When using this encoding, the decryption changes: the first step in the decryption -- the computation $b - \sum_{i=0}^{n-1} a_i \cdot s_i \in \mathcal{R}_q$ -- remains the same, but the second step is replaced by a rounding or by the addition of a new random error in the LSB. For more details, please refer to this paper.

As we said before, this does not conclude the list of all possible encodings: the encodings we present in this blog post are not an exhaustive list, but a few examples that can help understand the scheme better.

#### Torus visualization

Do you know why TFHE is called this way? Well, the "FHE" part seems clear, but why the "T"? The T in TFHE stands for Torus, a mathematical structure that looks like a donut, as the one represented in the figure below. The torus is a nice way to visualize the encodings, alternative to the bit representation used until now.

In the figure we show the correspondence between the two representations -- torus and bit representation -- by using a toy example with $q = 2^6$, $p = 2^2$ and $\Delta = q/p = 2^4$, and highlighting in orange an example of encoding in the MSB.

#### Encodings in GLWE

Now that we made a quick tour on LWE encodings, let's try to go back to the general case on GLWE ciphertexts. While an LWE encrypts a single value, a GLWE can encrypt a polynomial modulo $X^N + 1$, which is composed by $N$ coefficients.

To generalize the encodings to GLWE then it is sufficient to apply the encodings that we have seen for LWE messages to all the $N$ coefficients of the GLWE message (as in the figure).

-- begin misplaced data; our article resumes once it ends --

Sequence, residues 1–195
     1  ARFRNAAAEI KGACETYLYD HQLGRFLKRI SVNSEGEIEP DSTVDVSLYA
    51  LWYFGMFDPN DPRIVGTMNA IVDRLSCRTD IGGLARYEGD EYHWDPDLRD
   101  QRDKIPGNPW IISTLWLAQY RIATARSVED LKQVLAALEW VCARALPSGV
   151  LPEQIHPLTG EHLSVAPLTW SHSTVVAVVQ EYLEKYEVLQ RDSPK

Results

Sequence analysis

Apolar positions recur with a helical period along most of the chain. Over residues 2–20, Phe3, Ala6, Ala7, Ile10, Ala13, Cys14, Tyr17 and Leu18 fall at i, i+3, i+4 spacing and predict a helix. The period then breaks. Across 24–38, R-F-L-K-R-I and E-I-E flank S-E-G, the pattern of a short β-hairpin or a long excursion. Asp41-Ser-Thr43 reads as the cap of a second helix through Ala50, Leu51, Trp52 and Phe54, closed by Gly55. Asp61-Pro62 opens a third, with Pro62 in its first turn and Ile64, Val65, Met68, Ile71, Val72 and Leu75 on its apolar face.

Easy right?

Curious to know how we build other homomorphic operations? Read part III to get one step forward in the comprehension of the TFHE scheme by showing you how to perform homomorphic multiplications, key switchings and other small building blocks to be ready to finally understand the bootstrapping in the following blog post.

And a special thank you to
Loris Bergerat for his help with the toy examples.

At zama, we are building products to make fully homomorphic encryption accessible for all.

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Related articles ### TFHE Deep Dive - Part I - Ciphertext types

This blog post is part of a series of posts dedicated to the Fully Homomorphic Encryption scheme called TFHE by Ilaria Chillotti. ### TFHE Deep Dive - Part III - Key switching and leveled multiplications

This third blog post of the TFHE series describes some more leveled homomorphic operations and building blocks. ### TFHE Deep Dive - Part IV - Programmable Bootstrapping

This fourth and last part of the blog post of the TFHE series is dedicated to bootstrapping.